We are continuing to work from home. To contact us please email us at contact@asdhelpinghands.org.uk

When talking about anger it can be very hard for us to grasp the idea of escalating behaviour and at what point things become uncontrollable. We use the anger mountain to describe and visualize the build-up and release of ‘emotions’. We use the word emotions as although the Anger mountain particularly looks at the build of anger it is normally not the overriding emotion in a situation.

Anger is used as an umbrella term and covers many different emotions. Anger is normally the secondary emotion and is a natural human response especially in those who are unable to or find difficulty in communicating. Other emotions encased under the anger umbrella can include but are not limited to :

  • Frustration
  • Sadness
  • Embarrassment
  • Joy
  • Fear
  • Excitement

It is often those who find it difficult to convey these different emotions that display ‘anger’ as a way of dealing with this surge of emotion/emotions.

 

  1. A Neurotypical person (someone without a neurological disorder), would normally begin their day at base camp, with no anxieties or worries about the day ahead.

  2. Throughout the day we are all subjected to ‘triggers’ these could be small incidents such as being late to catch a bus, or not being able to find something in the morning or the children not getting their uniforms on for school. As each of these unresolved pressures and incidents occur we move up the Anger Mountain towards the peak, it is important to note that if issues are resolved i.e. you find your lost items we are able to move back down the mountain.

  3. If these incidents continue to happen and we are unable to resolve them we head towards the summit. Once we have taken all we can this is where we hit the ‘melt down’ or the blow out stage’. It is at this point that we are no longer able to cope with the pressures and this may resolve in us shouting, arguing in some becoming violent and so on. During this stage we are unable to accept logical reason, debate, negotiate or bring ourselves down naturally. It is important to note that when someone is in this position they are unable to process verbal information, and it is normally best practice to let them calm down before engaging again. We just need to make sure the environment is safe for them and that they are unable to cause harm to themselves or others.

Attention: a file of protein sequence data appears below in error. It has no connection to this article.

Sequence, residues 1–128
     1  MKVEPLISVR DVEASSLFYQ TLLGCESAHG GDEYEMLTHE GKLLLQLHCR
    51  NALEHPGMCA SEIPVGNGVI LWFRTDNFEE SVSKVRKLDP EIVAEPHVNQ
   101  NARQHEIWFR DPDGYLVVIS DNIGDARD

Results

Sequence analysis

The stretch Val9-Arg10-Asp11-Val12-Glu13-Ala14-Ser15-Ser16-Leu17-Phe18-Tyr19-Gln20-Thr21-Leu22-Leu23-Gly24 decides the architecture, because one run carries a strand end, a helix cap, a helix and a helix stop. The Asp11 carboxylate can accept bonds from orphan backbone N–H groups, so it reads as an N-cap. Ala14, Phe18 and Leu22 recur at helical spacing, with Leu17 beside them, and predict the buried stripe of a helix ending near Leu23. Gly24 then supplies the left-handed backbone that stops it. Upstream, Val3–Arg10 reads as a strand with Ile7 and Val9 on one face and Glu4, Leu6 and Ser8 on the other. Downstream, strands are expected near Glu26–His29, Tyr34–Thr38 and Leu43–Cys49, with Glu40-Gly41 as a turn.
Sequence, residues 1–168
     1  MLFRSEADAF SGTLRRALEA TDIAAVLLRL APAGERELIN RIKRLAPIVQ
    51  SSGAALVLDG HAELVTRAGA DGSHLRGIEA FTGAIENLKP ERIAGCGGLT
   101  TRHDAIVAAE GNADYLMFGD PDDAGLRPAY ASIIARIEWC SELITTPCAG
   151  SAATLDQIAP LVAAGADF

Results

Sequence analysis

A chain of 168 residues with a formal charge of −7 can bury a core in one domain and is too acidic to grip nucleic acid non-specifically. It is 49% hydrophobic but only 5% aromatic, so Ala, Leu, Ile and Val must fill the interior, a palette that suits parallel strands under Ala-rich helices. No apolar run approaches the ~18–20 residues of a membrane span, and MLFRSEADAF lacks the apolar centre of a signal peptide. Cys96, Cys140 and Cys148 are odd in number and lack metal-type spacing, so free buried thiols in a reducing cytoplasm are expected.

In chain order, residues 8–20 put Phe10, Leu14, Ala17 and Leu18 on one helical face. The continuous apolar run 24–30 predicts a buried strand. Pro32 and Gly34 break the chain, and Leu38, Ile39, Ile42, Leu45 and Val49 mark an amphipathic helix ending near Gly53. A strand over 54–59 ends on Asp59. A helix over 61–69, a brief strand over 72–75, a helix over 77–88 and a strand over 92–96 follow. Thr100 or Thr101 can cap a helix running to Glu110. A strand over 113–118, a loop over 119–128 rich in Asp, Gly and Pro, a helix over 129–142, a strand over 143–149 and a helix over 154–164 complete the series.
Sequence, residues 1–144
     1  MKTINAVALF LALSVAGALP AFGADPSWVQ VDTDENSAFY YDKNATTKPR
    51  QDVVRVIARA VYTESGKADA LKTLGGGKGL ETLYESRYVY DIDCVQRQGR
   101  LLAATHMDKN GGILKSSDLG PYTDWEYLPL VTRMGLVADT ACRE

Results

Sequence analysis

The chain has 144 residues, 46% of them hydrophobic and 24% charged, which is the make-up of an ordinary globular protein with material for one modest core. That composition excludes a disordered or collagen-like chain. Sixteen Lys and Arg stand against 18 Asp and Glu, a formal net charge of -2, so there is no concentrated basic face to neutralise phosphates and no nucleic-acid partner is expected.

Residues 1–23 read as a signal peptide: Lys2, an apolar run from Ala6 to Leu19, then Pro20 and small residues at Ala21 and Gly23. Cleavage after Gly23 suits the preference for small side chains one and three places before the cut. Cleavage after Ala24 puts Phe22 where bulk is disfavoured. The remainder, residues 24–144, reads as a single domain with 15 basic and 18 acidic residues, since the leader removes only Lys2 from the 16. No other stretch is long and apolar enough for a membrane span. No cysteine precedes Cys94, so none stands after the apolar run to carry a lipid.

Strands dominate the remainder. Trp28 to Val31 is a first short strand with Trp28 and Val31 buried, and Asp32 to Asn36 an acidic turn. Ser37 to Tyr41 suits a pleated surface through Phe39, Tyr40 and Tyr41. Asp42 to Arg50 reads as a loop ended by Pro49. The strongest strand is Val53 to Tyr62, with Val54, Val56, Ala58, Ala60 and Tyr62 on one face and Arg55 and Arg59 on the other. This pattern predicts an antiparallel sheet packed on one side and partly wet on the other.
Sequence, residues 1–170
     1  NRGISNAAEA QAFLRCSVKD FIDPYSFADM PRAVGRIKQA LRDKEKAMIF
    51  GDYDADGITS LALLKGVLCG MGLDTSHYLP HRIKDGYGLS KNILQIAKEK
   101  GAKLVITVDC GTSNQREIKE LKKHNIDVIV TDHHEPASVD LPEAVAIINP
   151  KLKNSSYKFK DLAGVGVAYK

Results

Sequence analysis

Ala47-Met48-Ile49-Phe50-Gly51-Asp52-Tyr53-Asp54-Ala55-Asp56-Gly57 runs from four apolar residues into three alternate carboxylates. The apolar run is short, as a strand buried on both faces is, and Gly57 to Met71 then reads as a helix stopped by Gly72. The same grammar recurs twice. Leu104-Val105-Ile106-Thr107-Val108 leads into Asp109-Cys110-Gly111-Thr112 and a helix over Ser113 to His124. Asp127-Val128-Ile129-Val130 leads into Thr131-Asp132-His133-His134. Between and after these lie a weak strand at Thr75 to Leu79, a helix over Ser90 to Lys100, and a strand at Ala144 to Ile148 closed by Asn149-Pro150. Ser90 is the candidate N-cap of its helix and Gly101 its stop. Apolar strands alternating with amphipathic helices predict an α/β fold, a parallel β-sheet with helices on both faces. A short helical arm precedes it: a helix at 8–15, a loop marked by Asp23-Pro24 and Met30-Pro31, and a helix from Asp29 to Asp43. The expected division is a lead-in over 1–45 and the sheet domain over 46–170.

4. After a period of time we enter the cooling off period, where we have vented and some of our frustrations have begun to release, in most cases engaging in a negotiation or debate about the behaviour will cause a person to return straight back the summit and continue their ‘blowout’ or ‘meltdown’. Once the person has calmed fully they will enter the calming period, it is at this stage that you can introduce calming techniques in relation to your child, i.e. sensory play or other calming strategies. Do not address the behaviour at this point either.

  5. After a period of time we enter the cooling off period, where we have vented and some of our frustrations have begun to release, in most cases engaging in a negotiation or debate about the behaviour will cause a person to return straight back the summit and continue their ‘blowout’ or ‘meltdown’. Once the person has calmed fully they will enter the calming period, it is at this stage that you can introduce calming techniques in relation to your child, i.e. sensory play or other calming strategies. Do not address the behaviour at this point either.

Those with a neurological disorder will not always begin at base camp and may begin their day already half way up the mountain meaning they will require less incidents and triggers to reach the summit.